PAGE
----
Stocks slide as companies begin reporting earnings

A Wall Street sign in front of the New York Stock Exchange.
The Standard & Poor’s 500 index fell 0.9%, extending its losing streak to three days
(Mark Lennihan / Associated Press)

Stocks shed early gains and ended broadly lower on Wall Street on Tuesday as investors brace for a big week of news on inflation and company earnings.

The Standard & Poor’s 500 index fell 0.9%, extending its losing streak to three days. All of the benchmark index’s 11 company sectors closed in the red.

The Dow Jones industrial average slid 0.6%, and the Nasdaq composite lost 0.9%.

Technology, healthcare and energy stocks accounted for a big share of the S&P 500′s losses. Bond yields mostly fell, as did energy futures.


Clothing company Gap fell 5% after announcing that Chief Executive Sonia Syngal is stepping down from her role after two years on the job.

28-year-old Dominic Green signed out of his shift on a Wednesday afternoon. Five days passed before his body was discovered.

July 12, 2022

The market pullback follows a rare winning week for stocks and comes as investors focus on corporate earnings reports and what they say about how inflation and rising interest rates are affecting company profits.

“We’ll get more color in the next couple of weeks about how the economy is shaping up, through the lens of companies,” said Terry Sandven, chief equity strategist at U.S. Bank Wealth Management.

The S&P 500 fell 35.63 points to 3,818.80. The Dow dropped 192.51 points to 30,981.33, and the Nasdaq slid 107.87 points to 11,264.73.

Smaller-company stocks held up better than the broader market. The Russell 2000 slipped 3.83 points, or 0.2%, to 1,728.18.

Energy stocks were among the biggest decliners Tuesday as energy prices fell. The price of U.S. crude oil slumped 7.9% to $95.84 a barrel. Hess fell 3.9%.


Technology stocks also lost ground, weighing heavily on the S&P 500. Pricey values for tech stocks tend to push the broader market higher or lower. Microsoft fell 4.1%.

Several travel-related companies bucked the market decline. United Airlines climbed 8.1%, American Airlines jumped 10% and cruise line operator Carnival rose 7.5%.

Investors remain worried about the possibility the economy will tip into a recession as the Federal Reserve jacks up interest rates to tackle the highest inflation in four decades. Higher interest rates can squelch inflation but also can choke economic growth and weigh on all kinds of investments.

Against this backdrop, big companies are set to report their latest quarterly results over the next few weeks. Expectations for second-quarter results appear subdued. Analysts are forecasting 5.1% growth for companies across the S&P 500, which would be the weakest since the end of 2020, according to FactSet.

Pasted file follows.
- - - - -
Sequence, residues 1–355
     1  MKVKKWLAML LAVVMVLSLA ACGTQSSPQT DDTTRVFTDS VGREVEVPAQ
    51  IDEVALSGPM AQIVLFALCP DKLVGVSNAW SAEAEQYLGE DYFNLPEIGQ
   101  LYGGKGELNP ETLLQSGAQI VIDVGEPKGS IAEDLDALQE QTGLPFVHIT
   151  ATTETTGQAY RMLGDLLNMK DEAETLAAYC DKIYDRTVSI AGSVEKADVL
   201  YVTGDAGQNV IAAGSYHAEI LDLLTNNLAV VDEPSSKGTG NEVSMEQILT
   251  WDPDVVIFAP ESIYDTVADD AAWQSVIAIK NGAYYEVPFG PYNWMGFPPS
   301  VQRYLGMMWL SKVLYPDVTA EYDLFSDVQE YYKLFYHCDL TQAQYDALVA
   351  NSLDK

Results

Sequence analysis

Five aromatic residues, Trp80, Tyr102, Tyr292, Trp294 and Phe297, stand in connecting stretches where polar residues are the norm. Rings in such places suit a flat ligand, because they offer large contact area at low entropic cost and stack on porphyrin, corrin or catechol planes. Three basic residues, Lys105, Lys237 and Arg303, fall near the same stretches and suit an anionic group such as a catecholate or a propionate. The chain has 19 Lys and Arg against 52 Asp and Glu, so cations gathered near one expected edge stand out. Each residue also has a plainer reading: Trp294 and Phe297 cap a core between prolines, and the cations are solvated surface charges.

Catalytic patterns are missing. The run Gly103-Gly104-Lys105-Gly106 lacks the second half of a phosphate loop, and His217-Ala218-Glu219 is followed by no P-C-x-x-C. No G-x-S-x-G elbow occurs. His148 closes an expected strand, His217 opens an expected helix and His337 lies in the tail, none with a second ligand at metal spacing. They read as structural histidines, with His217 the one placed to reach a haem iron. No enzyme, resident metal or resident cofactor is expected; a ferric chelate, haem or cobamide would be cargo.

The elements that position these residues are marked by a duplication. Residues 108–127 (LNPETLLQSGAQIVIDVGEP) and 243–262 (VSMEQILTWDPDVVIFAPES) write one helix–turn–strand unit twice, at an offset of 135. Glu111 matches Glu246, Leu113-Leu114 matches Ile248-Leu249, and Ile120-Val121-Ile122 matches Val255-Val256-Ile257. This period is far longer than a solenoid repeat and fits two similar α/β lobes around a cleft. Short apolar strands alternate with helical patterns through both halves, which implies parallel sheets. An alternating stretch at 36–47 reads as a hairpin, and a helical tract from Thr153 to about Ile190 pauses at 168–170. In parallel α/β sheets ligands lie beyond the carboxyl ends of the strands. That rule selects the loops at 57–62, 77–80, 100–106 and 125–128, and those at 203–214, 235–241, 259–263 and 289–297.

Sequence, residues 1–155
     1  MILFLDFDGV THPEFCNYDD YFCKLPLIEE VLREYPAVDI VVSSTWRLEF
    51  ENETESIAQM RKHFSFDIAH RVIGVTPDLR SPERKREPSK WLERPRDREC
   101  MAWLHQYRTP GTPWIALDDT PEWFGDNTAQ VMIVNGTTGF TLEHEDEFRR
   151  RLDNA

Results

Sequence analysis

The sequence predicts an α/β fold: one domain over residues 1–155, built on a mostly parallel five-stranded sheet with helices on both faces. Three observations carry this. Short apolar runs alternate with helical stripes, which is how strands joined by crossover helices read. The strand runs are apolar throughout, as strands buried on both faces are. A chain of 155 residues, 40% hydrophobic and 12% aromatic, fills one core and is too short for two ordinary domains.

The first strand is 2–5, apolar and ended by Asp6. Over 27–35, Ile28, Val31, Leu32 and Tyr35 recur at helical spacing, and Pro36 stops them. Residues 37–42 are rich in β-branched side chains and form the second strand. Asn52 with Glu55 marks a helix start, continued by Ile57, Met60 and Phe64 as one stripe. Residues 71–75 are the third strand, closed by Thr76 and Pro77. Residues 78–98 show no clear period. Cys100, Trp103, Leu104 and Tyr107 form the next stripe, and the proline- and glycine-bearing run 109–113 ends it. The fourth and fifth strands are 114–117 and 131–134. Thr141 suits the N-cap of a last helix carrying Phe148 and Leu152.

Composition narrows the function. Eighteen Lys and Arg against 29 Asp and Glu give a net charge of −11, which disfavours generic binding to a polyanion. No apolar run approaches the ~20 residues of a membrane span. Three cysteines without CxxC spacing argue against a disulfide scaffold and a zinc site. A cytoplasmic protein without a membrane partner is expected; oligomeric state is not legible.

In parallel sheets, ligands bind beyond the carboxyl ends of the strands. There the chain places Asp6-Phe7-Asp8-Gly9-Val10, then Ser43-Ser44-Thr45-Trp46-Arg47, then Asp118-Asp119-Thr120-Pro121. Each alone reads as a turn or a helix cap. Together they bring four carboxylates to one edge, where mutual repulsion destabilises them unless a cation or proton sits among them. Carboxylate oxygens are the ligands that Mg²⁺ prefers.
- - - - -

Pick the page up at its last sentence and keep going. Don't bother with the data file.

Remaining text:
Soft drink and snack maker PepsiCo slipped 0.6% on Tuesday after releasing a profit report that easily beat analysts’ estimates.

Delta Air Lines will report its latest results Wednesday and provide more insight into the travel industry’s recovery from the pandemic. Major banks, including JPMorgan Chase and Citigroup, are on tap later this week.


The key concerns on Wall Street remain inflation and whether aggressive rate increases from the Federal Reserve will push the economy into a recession. Investors have had to deal with a turbulent market over the last several months because of those concerns. Major indexes have often swung wildly between gains and losses on any given day and remain in a broad slump.

“The multitude of crosscurrents in the marketplace suggest that caution is warranted,” Sandven said.

Inflation jumped as the economy recovered from the pandemic and demand for goods outpaced supplies. It heated up further in February after Russia invaded Ukraine and sparked a jump in energy prices. Supply-chain problems have worsened as China locks down cities in an effort to contain new COVID-19 cases.

The Fed is raising rates in an effort to slow economic growth to help temper the effects of high inflation. But the economy is already slowing down as consumers ease up on spending, and Wall Street is worried that interest rate hikes could go too far and bring on a recession.

In the bond market, a warning signal continued to flash about a possible recession. The yield on the 10-year Treasury slid to 2.96% from 2.98% late Monday. It remains below the two-year Treasury yield, which fell to 3.04%. That’s a rare occurrence, and some investors see it as a sign that a recession may hit in the next year or two.

Wall Street is keeping a close watch on any signs that inflation is easing. The Labor Department will release its June report on consumer prices Wednesday and its June report on prices directly affecting businesses Thursday.